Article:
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Weeding and Inquisitions


I have recently been involved in weeding a garden for someone, and it set me thinking about how so many gardeners hate weeding.


It is a job that seems to be endless, because the more weeds you pull up, the more that seem to appear.  And the closer you get to the job, the more you see little weeds that the casual observer would never even notice.

It's something like counseling sessions with other Christians, where you deal with problems that have come up in their lives.  Most people hate these times when you may have to point out faults and feel around for ways to motivate the person to overcome them.

Yet, when it's all said and done, the results can be quite pleasing.  A neat garden, or a spiritual life that is far more on track and efficient for God.

I thought about writing an article on this simple thought, and it seemed appropriate to have something from Jesus to support it.  Obviously, you have his instructions about dealing with faults between Christians (i.e. the "grievance system" of Matthew 18).  Certainly there is a need for all of us to be critical of ourselves as well as others, in order to pick up little sins before they develop into bigger ones.

Yet, on the subject of weeds in particular, I could not help but think of the parable about the man whose enemy sowed weeds in his wheat field.  In that one, the instructions were to NOT pull the weeds out, because doing so could harm the wheat.  He said to let the two grow together "until the harvest", when they would be ultimately separated, and the weeds would be burned.

Definitely sounded like lazy gardening to me, although the context seems to be one where no serious harm is done to the good plants by being surrounded by the bad ones.  It seems to be a lesson about patience, about tolerance, about overlooking the weeds.

Then I thought back to my weeding and I could see how it can easily become an obsession... one which can grow out of proportion to the amount of good that can be accomplished through so much effort.  Sometimes we need to just take the attitude that "Weeds happen".  They are a fact of life, a reality of the world we live in, including our own lives.  Like germs, much as we may hate them, we are never going to escape them all.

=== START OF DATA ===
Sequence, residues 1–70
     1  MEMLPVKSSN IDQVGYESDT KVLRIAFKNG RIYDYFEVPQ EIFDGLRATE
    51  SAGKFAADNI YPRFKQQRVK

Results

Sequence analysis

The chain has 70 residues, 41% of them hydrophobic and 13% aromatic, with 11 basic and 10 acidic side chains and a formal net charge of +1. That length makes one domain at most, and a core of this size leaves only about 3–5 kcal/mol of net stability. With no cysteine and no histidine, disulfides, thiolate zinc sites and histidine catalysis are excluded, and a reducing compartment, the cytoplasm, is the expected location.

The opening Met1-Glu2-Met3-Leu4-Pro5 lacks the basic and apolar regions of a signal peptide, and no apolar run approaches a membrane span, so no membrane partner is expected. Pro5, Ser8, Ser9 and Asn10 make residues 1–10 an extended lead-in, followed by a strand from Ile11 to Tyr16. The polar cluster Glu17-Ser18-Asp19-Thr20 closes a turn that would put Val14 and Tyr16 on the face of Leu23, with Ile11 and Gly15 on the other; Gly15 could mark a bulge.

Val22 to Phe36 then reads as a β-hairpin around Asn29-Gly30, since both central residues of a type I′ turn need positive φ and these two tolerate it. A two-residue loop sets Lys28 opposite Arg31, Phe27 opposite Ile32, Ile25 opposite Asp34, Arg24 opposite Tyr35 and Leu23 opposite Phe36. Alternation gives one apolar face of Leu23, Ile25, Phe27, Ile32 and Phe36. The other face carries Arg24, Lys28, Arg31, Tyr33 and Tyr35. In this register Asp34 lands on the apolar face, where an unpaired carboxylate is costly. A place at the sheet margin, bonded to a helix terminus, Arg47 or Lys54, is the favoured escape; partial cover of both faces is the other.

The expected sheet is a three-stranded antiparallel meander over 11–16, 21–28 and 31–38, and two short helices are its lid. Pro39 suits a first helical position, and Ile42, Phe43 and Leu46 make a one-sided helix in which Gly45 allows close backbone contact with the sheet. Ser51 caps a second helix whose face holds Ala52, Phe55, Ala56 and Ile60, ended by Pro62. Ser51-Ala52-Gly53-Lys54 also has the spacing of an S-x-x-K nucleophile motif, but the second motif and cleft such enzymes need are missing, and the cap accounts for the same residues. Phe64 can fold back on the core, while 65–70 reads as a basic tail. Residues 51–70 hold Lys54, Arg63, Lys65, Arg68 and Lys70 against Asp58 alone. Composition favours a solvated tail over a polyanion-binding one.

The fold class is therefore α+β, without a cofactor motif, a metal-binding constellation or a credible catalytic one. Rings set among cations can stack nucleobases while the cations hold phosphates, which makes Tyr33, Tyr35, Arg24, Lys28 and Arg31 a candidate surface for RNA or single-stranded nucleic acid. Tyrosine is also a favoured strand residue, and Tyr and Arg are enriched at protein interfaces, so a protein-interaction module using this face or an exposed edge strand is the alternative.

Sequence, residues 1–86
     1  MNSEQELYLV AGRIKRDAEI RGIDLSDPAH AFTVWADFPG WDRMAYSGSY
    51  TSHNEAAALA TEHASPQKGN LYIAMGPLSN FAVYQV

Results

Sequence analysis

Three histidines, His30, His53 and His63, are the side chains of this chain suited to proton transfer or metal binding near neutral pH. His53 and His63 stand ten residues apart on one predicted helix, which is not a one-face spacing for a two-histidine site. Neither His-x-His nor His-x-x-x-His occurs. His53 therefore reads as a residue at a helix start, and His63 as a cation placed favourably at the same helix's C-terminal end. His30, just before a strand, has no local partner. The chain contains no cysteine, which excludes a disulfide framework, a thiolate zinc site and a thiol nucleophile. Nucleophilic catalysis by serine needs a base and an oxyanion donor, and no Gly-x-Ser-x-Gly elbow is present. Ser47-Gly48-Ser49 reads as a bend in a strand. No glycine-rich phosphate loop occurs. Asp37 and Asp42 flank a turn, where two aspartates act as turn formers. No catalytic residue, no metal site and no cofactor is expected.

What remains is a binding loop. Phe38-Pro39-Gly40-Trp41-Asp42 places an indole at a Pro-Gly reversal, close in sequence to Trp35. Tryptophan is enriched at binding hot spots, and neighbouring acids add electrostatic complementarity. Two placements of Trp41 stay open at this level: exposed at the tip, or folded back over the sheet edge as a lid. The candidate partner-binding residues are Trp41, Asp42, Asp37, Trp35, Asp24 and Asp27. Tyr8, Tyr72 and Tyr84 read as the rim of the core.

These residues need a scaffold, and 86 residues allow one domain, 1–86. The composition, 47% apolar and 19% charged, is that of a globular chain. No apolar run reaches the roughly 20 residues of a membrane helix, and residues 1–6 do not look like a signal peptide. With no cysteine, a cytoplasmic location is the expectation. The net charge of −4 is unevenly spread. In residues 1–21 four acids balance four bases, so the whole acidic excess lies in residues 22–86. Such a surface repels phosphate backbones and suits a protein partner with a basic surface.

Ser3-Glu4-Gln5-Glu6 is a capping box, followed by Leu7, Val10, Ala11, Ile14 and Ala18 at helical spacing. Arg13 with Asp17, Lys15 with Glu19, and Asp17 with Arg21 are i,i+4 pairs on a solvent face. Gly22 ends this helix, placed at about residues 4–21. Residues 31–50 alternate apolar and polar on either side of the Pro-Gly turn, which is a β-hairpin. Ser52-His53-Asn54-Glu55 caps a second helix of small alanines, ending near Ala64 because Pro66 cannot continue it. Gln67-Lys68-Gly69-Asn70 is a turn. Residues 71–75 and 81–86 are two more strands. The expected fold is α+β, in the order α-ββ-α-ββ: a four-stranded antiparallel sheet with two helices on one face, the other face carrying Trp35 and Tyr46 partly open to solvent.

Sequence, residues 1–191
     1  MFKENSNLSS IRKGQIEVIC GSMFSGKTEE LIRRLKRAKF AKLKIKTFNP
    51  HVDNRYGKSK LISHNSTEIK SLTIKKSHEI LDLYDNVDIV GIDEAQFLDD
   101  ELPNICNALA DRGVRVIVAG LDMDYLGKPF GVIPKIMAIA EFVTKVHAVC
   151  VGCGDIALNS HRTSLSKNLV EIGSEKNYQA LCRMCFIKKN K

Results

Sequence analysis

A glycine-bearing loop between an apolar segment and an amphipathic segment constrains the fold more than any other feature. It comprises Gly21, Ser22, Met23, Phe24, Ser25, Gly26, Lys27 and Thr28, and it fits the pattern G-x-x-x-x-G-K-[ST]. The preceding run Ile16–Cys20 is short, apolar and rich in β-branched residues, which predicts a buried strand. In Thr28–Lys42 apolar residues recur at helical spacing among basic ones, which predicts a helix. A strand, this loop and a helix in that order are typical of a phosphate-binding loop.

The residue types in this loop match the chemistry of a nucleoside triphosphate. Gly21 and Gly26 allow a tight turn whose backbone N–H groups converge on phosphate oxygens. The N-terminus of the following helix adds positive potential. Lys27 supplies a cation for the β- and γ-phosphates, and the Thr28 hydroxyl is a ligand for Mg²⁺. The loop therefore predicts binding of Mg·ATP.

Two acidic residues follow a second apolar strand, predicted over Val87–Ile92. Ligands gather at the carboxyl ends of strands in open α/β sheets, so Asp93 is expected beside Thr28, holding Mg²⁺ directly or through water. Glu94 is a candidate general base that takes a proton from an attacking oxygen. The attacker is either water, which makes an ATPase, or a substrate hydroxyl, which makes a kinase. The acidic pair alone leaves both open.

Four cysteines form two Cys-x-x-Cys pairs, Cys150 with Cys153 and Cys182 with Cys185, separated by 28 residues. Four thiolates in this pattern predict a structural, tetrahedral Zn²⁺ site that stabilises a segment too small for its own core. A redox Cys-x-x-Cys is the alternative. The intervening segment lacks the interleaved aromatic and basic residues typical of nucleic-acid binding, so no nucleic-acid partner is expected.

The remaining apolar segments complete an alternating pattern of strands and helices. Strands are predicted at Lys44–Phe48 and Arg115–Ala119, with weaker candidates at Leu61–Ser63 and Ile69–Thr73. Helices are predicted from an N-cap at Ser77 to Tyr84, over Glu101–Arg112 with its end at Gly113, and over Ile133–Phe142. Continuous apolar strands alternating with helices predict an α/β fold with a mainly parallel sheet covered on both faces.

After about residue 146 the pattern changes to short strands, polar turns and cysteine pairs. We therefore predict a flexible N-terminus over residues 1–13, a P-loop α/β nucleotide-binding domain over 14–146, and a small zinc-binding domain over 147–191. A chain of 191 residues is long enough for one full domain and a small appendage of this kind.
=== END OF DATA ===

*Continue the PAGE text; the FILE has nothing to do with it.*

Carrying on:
Think of the story about the woman caught in adultery.  Was Jesus really trying to justify her?  I don't think so.  I think he knew that what she had done was wrong.  But he was trying to get the Pharisees to fit it into perspective with their own behaviour.  He said of their plans to stone her, "Let him that is without sin cast the first stone."

Jesus was, in that instance, dealing with the self-righteousness that can so easily grow from an obsession with the weeds in the lives of others while ignoring the weeds in ourselves.  Perhaps with the story of the wheat and the weeds, one could even apply it to the flaws in our own lives.  We can become obsessed with perfection (usually in just one area) to the exclusion of greater needs in other areas, and the result would be far from the bigger picture of spiritual maturity that God is looking for.

So the warning is there for each of us to guard against an inquisition mentality, which keeps digging and digging to uncover more and more faults (whether in others or in ourselves) until all the positives of love have been destroyed by it.  By all means, let us caution one another when we see error creeping in; but let us keep it in perspective, always mindful of our own imperfections and of God's grace to forgive both us and them.


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